Among the nearly two-thirds who favor [a program that would lead to citizenship], 54 percent say it'll be a very important issue in their vote, comparatively few. Among those who favor a temporary guest worker program, more, 62 percent, call it very important. And among those who favor felony status for immigrants with no work program - disproportionately Republicans and conservatives - far more, 79 percent, call it a top issue in their vote.


But be careful of jumping to the conclusion that an anti-immigrant policy rallies all of the GOP base.  The Pew Research Center has presented strong evidence that attitudes on immigration tend to divide key coalitions within both parties. Check their Political Typology report from 2005 and their mega-immigration report released a few weeks ago (especially the table reproduced below).  They show that opposition to immigration tends to be greatest among social conservative and less-well educated Republicans, but that upscale, well-educated, pro-business Republicans tend to be more ambivalent.  A similar divide separates well educated Liberals (who tend to be most pro-immigration) from more downscale, African American or moderate Democrats. 


Related Entries - Immigration

Posted by Mark Blumenthal on April 20, 2006 at 12:57 PM in Immigration | Permalink


The AP poll two weeks ago detected the exact same increase on its own "most important problem" open end.


Posted by: Thom | Apr 20, 2006 3:41:28 PM

In the wake of the recent mass protests, the keyword "immigration" may signify two diametrically opposite concerns:

1)That lax border controls mean there are too many immigrants working in this country who arrived illegally and that uncontroled entry into this country poses a security risk.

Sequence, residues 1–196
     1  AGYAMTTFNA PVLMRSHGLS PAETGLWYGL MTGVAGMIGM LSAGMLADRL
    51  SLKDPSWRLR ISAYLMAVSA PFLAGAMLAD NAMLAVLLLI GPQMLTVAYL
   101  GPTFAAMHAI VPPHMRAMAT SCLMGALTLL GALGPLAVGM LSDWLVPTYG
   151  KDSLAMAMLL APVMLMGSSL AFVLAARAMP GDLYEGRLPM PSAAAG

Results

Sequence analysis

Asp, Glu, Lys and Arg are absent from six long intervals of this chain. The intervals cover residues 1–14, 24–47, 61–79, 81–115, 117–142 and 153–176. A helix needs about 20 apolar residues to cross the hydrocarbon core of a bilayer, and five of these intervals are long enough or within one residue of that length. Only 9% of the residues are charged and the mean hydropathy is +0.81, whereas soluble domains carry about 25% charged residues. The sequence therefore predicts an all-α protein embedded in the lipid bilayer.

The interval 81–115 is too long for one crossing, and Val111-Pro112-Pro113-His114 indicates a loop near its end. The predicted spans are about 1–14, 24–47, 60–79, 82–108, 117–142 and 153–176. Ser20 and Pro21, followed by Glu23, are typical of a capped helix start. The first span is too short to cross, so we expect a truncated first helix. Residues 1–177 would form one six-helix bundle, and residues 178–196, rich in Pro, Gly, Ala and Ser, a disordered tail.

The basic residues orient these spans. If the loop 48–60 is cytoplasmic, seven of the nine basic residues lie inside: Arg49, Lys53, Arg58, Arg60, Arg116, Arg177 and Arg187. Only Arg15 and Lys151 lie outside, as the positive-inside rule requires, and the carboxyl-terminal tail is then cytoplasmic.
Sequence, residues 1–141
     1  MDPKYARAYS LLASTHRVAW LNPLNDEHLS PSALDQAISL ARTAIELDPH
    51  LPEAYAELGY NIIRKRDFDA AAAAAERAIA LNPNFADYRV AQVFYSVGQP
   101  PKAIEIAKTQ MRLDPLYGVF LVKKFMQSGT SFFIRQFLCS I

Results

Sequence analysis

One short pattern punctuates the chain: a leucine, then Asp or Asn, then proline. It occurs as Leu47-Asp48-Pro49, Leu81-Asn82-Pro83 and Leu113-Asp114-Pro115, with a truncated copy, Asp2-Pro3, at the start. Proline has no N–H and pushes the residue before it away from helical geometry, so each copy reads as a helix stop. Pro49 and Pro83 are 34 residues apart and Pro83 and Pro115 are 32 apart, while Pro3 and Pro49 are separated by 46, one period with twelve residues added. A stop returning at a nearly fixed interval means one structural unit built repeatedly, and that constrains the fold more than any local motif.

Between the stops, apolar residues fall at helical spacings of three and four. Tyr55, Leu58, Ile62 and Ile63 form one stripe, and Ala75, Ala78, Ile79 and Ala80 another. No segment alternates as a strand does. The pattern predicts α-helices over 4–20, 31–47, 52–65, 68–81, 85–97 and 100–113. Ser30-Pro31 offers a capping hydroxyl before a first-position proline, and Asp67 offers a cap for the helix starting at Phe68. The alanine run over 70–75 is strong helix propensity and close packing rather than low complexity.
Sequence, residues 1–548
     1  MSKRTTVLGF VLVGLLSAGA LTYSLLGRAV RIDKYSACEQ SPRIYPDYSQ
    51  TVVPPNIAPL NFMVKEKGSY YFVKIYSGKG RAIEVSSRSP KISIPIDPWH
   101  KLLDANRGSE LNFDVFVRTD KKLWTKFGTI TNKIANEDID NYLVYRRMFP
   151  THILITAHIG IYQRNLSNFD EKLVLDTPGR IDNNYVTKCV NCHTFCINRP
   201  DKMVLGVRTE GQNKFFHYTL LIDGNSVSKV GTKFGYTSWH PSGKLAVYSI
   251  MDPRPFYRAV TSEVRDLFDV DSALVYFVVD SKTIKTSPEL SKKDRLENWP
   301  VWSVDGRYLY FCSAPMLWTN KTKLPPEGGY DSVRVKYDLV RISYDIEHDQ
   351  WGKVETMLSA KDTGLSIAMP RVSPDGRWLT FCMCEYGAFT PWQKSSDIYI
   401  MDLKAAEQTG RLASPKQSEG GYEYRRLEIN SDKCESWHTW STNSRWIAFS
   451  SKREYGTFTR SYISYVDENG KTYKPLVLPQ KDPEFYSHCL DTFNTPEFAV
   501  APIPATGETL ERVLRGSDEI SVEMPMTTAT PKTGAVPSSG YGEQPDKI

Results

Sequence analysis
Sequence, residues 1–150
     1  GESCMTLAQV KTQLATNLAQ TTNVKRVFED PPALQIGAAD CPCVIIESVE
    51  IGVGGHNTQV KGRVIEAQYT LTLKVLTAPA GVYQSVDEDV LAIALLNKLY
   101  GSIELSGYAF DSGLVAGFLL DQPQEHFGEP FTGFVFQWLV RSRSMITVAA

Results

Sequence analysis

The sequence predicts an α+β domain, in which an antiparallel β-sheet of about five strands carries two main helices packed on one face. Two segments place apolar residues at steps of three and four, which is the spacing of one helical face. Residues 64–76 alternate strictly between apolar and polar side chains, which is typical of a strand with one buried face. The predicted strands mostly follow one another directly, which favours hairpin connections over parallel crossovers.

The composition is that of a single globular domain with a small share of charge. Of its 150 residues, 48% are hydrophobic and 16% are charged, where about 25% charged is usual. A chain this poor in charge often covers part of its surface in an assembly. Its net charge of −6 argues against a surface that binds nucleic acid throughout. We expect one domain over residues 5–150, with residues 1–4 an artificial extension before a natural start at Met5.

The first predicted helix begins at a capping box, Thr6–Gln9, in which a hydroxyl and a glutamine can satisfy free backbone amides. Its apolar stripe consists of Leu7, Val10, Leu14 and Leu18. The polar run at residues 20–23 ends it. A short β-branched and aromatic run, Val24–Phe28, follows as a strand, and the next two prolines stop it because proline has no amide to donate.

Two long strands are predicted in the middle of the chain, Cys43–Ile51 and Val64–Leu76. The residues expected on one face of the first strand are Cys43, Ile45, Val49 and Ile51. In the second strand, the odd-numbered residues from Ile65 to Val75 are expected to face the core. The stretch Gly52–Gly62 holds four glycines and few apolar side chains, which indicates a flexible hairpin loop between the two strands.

2)That pending legislation may turn many immigrants into criminals, prohibit social services from helping them and obstruct plans to grant a path to citizenship.

Based on levels of news coverage and the intensity of political debate, the latter concern has grown from invisible to prominent in the past couple of months; the former concern has shown no such increase.

Posted by: Andrew Tyndall | Apr 20, 2006 4:07:34 PM

The Mystery Pollster is probably correct to throw cold water on my hypothesis. Gallup says it polled "Americans" (who knows if that includes immigrants, with green cards or without them). Those whose concern about "immigration" in an open-ended question refers to fear of a nativist backlash are likely to be friends, neighbors, kin and colleagues of would-be Americans (those seeking "amnesty" aka a "path to citizenship") rather than Americans full-blown.

Let me offer two points of caution, however:

First, the recent headline-grabbing mass demonstrations in favor of a path to citizenship and the Senate committee votes in opposition to the House legislation are late developments in the January-through-April timeframe during which "immigration" as a general category gained in saliency. On the network nightly newscasts, immigration was ranked Story of the Week in the final week of March and was ranked #2 in the second week of April. When Pew measures "immigration" as the "first story that comes to mind" in its April polling, it is undoubtedly referring to the coverage of those, pro-immigrant, events (including, of course, negative reaction to those events from the likes of CNN's Lou Dobbs and FNC's Bill O'Reilly), rather than last year's anti-illegal-immigration coverage of the Minutemen, the border fence and the punitive House bill.